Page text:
3:00 PM – One of Otakon’s featured guests, Sakurai sees himself as a anime diplomat. His lecture was entitled, “Anime, Manga & Harajuku Fashion: The Secret of Global Competitiveness”. He began by showing the popularity of cosplay across the globe with pictures of cosplayers from Brazil, Italy, France, China, America, Spain, etc.
In essence, Sakurai sees anime and cosplay as a way of promoting understanding across diverse cultures. We feel a bond with other people who like the same anime show or cosplay as the same character. Sakurai thinks that Japan has the potential to be the leading diplomatic power through the popularity of its pop culture products. However, he believes that the Japanese people fail to see the impact anime and cosplay is having on the world. They also fail to understand how anime serves as a gateway for many people into the study and appreciation of traditional Japanese culture. The anime industry is becoming too insular and isn’t attempting to make exportable shows. If anime stops being exportable, then Japan will lose this chance at being a significant global power.
I can’t say I agree with Sakurai’s optimism about the power of cosplay to break down cultural barriers or that a country can become a significant global force based on the popularity of its television shows. Obviously, shared interests do help people create bridges of understanding. However, I can’t see two warring countries calling in Japan to negotiate a peace treaty because Naruto is popular with the kids on both sides of the battle.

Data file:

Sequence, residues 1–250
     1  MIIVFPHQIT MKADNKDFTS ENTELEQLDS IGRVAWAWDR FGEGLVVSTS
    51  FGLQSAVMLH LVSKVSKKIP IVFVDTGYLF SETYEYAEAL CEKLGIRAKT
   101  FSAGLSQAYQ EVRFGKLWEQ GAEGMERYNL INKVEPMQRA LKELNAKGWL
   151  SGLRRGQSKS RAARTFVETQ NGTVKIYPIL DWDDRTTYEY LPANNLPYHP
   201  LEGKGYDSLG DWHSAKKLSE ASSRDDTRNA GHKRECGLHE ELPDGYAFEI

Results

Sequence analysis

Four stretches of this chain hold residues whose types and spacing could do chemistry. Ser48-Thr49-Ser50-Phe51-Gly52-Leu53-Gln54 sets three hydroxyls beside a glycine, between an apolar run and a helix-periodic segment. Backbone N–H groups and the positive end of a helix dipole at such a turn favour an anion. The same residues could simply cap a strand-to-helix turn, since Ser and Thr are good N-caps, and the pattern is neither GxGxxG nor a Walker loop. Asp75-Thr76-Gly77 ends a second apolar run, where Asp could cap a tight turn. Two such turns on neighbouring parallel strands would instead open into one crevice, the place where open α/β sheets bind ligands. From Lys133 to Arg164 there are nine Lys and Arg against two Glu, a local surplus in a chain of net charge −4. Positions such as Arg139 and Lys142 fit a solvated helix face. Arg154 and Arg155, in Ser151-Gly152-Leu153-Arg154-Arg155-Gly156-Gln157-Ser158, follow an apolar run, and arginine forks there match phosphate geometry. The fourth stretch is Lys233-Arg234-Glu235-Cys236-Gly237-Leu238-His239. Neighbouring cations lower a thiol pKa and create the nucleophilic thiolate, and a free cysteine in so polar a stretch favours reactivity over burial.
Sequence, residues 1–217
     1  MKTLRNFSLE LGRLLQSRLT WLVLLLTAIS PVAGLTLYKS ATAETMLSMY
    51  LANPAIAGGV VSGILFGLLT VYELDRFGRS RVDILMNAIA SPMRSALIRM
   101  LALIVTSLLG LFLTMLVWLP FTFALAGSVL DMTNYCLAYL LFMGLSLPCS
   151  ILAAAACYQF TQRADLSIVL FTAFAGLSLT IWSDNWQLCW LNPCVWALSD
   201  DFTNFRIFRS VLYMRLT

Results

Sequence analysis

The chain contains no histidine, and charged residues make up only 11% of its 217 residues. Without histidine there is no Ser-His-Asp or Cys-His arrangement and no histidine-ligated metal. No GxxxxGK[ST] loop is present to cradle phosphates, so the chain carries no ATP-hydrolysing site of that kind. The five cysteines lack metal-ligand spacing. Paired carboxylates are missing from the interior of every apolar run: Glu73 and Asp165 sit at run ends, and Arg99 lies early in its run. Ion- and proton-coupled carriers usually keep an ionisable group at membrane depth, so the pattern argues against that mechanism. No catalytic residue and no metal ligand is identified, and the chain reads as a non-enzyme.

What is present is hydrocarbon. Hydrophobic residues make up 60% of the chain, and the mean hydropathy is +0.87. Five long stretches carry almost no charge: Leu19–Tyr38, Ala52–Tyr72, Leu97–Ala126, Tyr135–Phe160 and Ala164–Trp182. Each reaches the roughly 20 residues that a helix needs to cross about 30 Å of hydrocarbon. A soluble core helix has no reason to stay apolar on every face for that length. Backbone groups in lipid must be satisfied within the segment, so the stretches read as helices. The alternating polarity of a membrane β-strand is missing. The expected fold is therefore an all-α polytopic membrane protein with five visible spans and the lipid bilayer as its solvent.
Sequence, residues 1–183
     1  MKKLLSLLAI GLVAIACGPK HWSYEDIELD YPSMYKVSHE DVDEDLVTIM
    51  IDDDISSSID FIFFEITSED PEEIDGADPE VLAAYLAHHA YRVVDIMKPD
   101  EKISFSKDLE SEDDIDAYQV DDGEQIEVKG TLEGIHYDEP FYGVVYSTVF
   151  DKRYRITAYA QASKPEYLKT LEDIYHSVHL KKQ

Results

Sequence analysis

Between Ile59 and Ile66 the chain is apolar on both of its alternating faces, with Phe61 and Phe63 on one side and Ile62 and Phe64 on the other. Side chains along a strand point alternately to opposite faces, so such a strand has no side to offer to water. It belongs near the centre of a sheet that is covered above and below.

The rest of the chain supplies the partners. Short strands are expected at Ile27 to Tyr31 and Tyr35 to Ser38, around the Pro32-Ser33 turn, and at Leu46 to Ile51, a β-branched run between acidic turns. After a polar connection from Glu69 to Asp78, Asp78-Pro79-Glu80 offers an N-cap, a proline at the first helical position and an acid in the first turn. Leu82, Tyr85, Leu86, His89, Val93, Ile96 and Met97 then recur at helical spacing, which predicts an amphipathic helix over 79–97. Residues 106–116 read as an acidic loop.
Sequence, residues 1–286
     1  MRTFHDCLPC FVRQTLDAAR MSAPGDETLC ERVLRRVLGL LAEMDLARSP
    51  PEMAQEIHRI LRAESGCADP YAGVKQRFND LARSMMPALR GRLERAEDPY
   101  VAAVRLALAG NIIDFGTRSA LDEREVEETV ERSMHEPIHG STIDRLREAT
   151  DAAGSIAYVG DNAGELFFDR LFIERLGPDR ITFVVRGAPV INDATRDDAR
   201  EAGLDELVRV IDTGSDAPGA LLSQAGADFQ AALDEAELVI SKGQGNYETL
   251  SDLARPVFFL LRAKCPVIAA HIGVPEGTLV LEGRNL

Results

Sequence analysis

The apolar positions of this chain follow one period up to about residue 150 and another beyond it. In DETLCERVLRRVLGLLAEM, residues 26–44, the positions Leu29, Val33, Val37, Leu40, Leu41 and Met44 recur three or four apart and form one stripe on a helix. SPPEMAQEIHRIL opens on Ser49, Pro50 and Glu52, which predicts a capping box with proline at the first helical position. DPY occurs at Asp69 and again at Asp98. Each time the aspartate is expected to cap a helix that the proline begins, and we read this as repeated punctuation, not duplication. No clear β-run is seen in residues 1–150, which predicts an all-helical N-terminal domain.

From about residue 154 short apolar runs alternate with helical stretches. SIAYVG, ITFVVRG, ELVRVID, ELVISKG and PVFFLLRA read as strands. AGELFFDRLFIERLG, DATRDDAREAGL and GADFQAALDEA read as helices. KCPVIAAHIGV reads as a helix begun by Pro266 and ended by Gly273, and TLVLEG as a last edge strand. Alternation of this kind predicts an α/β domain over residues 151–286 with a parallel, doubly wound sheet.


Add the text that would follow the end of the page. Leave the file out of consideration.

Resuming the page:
Dead Like Us: Shinigami and the Japanese Idea of Death
5:00 PM – This panel was run by Charles Dunbar. I first meet Charles earlier this year at the Anime Mid-Atlantic convention, when I attended his panel “Modern Mythology: Mythic Elements in Anime and Video Games”. His panels are very popular and fill up quickly. This panel was no exception. If Charles is giving a panel at a convention, attend that panel. You won’t be disappointed.
Charles packs a lot of information into his panels. This is a very brief overview of the ideas presented. He told me that he will be breaking this panel up into two separate panels for next year. The discussion began with an overview of some of the religious traditions found in Japan: Shinto, Buddhism, Taoism, Confucianism, and Christianity. At its heart, Japanese religion is syncretic. Shinigami are a great example of this.
Charles quickly moved through Japanese concepts of death and dying, a look at ghosts in Japan, and gods of death. The term ‘shinigami’ was first coined in a play entitled Shinigami, which is believed to be based on an Italian opera based on a Grimm Brothers fairy tale. Shingami usually are shown in one of five roles: 1) Force of Nature, 2) Celestial Agent, 3) Guardians of Humanity, 4) Bounty Hunters, or 5) Agents of Death.
It’s interesting to note that white is the color of death in Japan and black is the color of honor/duty/tradition.
Yoshida Brothers Concert
8:30 PM – The Yosida Brothers are masters of the shamisen, a traditional Japanese instrument. The concert was nothing short of amazing. This is not the slow mourning music you usually see played in movies. This music was upbeat and their fingers were flying across the fret. My fingers got tired just watching them play. It was the best way to end Friday.
That ended my first day at Otakon. Stay tuned for part two of my convention report.